Tax Cuts 2.0 in 2020? “Everything is awesome,” so why not? Treasury Secretary Steven Mnuchin told reporters yesterday that the Trump Administration might propose new tax cuts next year. He also touted the strength of the US economy though business investment and employment growth appear to be slowing. “There’s no question the US economy is in very good shape. As we look around the world, there’s no question that China is slowing, Europe is slowing — the US is the bright spot of the world… we’ll be looking at tax cuts 2.0, something that will be something we’ll consider next year.” Mnuchin appeared to be contradicting the president who, in August, promised a middle-class tax cut—but not until 2021.
Mnuchin also talks about the French digital tax. The Treasury Secretary says he is meeting with a “bunch” of US tech firms this week and with other US-based multinationals next week to try to reach a consensus position on the French digital tax. The Trump Administration and many in Congress oppose the French levy. Mnuchin says he hopes the two countries can reach an “understanding” by December.
Extenders Extensions, Again? Bloomberg Tax notes that Congress will be try again this fall to pass a tax package that could include reviving temporary tax breaks known as extenders as well as the House-passed (H.R. 1994) bill to enhance some retirement tax incentives. That measure has been stalled in the Senate in disputes over unrelated issues.
What would a wealth tax mean for inequality in the US? Emmanuel Saez and Gabriel Zucman of the University of California at Berkeley have published a new paper that estimates the effects of a wealth tax on the assets of the very rich. They estimate between $9 trillion and $13 trillion dollars in wealth would be subject to the tax, which they’d apply to individual household assets in excess of $1 billion. According to their estimates, had a 3 percent tax on such assets been in place since 1982, the total share of wealth owned by the 400 richest Americans would have declined from about 3.5 percent to about 2 percent by 2018. A more radical wealth tax, with a 10 percent marginal tax rate above $1 billion, would have reduced their share to about 1 percent. Democratic presidential hopeful Elizabeth Warren has proposed a version of their levy.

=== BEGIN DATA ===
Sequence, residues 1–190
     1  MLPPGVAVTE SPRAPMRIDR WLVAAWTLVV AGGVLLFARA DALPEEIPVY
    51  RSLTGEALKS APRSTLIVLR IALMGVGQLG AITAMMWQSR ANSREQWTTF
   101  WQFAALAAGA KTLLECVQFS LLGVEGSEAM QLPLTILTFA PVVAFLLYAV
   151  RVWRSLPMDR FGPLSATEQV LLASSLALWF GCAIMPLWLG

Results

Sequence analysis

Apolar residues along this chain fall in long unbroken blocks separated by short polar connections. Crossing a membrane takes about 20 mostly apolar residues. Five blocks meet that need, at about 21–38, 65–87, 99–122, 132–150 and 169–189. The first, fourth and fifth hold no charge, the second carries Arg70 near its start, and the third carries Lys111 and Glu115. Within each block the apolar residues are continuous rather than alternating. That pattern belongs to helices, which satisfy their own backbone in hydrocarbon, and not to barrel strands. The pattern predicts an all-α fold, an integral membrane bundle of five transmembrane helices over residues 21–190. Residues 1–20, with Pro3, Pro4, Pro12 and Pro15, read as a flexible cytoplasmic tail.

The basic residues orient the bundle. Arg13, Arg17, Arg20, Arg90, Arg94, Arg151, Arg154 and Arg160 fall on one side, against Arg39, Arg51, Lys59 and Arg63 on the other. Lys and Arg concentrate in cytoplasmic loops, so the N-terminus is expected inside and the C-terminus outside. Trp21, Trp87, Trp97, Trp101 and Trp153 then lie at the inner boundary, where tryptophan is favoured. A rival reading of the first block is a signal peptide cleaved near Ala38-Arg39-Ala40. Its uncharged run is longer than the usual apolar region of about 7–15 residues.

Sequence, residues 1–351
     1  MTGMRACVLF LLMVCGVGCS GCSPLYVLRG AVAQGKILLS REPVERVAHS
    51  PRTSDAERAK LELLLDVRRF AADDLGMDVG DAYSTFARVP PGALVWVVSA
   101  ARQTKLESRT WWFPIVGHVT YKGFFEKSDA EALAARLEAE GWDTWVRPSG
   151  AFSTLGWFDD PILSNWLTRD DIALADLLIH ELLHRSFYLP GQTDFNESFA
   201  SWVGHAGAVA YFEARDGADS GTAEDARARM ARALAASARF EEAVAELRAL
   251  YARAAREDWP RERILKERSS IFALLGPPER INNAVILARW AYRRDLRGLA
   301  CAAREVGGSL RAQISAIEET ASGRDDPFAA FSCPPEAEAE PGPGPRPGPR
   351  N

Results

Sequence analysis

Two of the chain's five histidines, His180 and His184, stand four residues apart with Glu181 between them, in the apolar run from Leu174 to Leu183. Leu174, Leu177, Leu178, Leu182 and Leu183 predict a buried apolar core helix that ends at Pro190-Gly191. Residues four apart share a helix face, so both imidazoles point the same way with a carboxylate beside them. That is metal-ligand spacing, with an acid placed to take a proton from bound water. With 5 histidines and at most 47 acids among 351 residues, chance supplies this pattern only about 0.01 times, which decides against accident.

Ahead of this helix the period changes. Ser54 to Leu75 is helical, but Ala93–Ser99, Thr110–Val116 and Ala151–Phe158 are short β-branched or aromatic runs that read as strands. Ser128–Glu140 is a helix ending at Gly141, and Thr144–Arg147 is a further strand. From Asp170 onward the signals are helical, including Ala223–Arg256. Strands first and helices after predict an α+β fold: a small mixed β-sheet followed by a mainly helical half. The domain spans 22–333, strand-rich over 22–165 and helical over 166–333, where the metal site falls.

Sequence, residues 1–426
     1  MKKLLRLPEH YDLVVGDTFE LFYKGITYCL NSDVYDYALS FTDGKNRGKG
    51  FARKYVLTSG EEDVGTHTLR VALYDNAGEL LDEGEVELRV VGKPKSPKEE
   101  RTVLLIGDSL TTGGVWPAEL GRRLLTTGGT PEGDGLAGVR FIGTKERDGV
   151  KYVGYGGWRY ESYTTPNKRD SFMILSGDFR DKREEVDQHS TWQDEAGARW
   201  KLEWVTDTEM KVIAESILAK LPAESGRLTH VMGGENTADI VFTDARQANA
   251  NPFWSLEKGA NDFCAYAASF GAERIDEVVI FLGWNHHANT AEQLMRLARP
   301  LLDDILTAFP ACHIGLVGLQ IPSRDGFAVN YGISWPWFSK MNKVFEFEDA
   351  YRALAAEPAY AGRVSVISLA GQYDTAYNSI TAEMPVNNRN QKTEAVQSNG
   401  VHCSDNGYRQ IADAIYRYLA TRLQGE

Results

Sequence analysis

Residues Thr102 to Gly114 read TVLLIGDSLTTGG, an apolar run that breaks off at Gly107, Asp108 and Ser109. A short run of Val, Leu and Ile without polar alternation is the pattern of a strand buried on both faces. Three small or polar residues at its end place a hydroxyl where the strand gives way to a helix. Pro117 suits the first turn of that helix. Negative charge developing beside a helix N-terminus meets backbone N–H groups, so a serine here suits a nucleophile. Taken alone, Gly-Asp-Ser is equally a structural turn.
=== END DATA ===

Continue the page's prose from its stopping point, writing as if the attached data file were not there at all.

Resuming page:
Uh-Oh: Utah Poll finds people don’t want a gas tax increase or toll roads. Drivers currently pay a 30-cent-per gallon gasoline tax, and the majority don’t want that rate to climb. Nor do they want new tolls on major highways. Problem is, the state is not collecting sufficient revenue from the current tax to meet its infrastructure needs. It has earmarked $644 million in annual sales tax revenues for transportation but the state has budgeted $1.7 billion. A higher gas tax and new tolls may be the only revenue options left. Only 36 percent of Utahns would raise gas taxes to maintain funding for road construction and maintenance.
$15 trillion in foreign direct investment is tax avoidance, says the IMF. A new study from the International Monetary Fund finds that of $40 trillion in FDI by multinational firms in 2017, more than one-third was phantom investment, held by shell companies to avoid taxes. The amount doubled since 2009.
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